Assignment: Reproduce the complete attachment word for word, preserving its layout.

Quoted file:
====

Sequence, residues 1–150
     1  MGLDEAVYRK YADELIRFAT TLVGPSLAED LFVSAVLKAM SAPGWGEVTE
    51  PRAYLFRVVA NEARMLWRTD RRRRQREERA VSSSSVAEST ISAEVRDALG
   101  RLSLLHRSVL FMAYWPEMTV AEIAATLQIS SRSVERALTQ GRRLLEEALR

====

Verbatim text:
Sequence, residues 1–150
     1  MGLDEAVYRK YADELIRFAT TLVGPSLAED LFVSAVLKAM SAPGWGEVTE
    51  PRAYLFRVVA NEARMLWRTD RRRRQREERA VSSSSVAEST ISAEVRDALG
   101  RLSLLHRSVL FMAYWPEMTV AEIAATLQIS SRSVERALTQ GRRLLEEALR